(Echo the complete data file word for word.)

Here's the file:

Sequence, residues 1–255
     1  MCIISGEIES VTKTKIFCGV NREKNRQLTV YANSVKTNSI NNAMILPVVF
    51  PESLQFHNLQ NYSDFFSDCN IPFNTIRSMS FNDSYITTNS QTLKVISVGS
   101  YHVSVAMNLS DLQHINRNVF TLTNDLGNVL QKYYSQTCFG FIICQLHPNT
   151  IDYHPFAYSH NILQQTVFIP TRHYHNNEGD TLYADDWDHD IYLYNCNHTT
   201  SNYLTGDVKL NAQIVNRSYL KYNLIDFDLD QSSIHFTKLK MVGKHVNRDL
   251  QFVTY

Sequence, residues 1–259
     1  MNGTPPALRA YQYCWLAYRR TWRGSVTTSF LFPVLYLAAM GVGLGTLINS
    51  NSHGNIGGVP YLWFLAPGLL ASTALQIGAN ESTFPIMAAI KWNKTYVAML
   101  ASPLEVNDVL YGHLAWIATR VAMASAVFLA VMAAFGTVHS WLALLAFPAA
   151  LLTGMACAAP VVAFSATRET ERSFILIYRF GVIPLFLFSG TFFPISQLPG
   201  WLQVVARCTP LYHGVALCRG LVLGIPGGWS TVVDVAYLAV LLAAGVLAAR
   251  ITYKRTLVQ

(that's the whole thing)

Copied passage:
Sequence, residues 1–255
     1  MCIISGEIES VTKTKIFCGV NREKNRQLTV YANSVKTNSI NNAMILPVVF
    51  PESLQFHNLQ NYSDFFSDCN IPFNTIRSMS FNDSYITTNS QTLKVISVGS
   101  YHVSVAMNLS DLQHINRNVF TLTNDLGNVL QKYYSQTCFG FIICQLHPNT
   151  IDYHPFAYSH NILQQTVFIP TRHYHNNEGD TLYADDWDHD IYLYNCNHTT
   201  SNYLTGDVKL NAQIVNRSYL KYNLIDFDLD QSSIHFTKLK MVGKHVNRDL
   251  QFVTY

Sequence, residues 1–259
     1  MNGTPPALRA YQYCWLAYRR TWRGSVTTSF LFPVLYLAAM GVGLGTLINS
    51  NSHGNIGGVP YLWFLAPGLL ASTALQIGAN ESTFPIMAAI KWNKTYVAML
   101  ASPLEVNDVL YGHLAWIATR VAMASAVFLA VMAAFGTVHS WLALLAFPAA
   151  LLTGMACAAP VVAFSATRET ERSFILIYRF GVIPLFLFSG TFFPISQLPG
   201  WLQVVARCTP LYHGVALCRG LVLGIPGGWS TVVDVAYLAV LLAAGVLAAR
   251  ITYKRTLVQ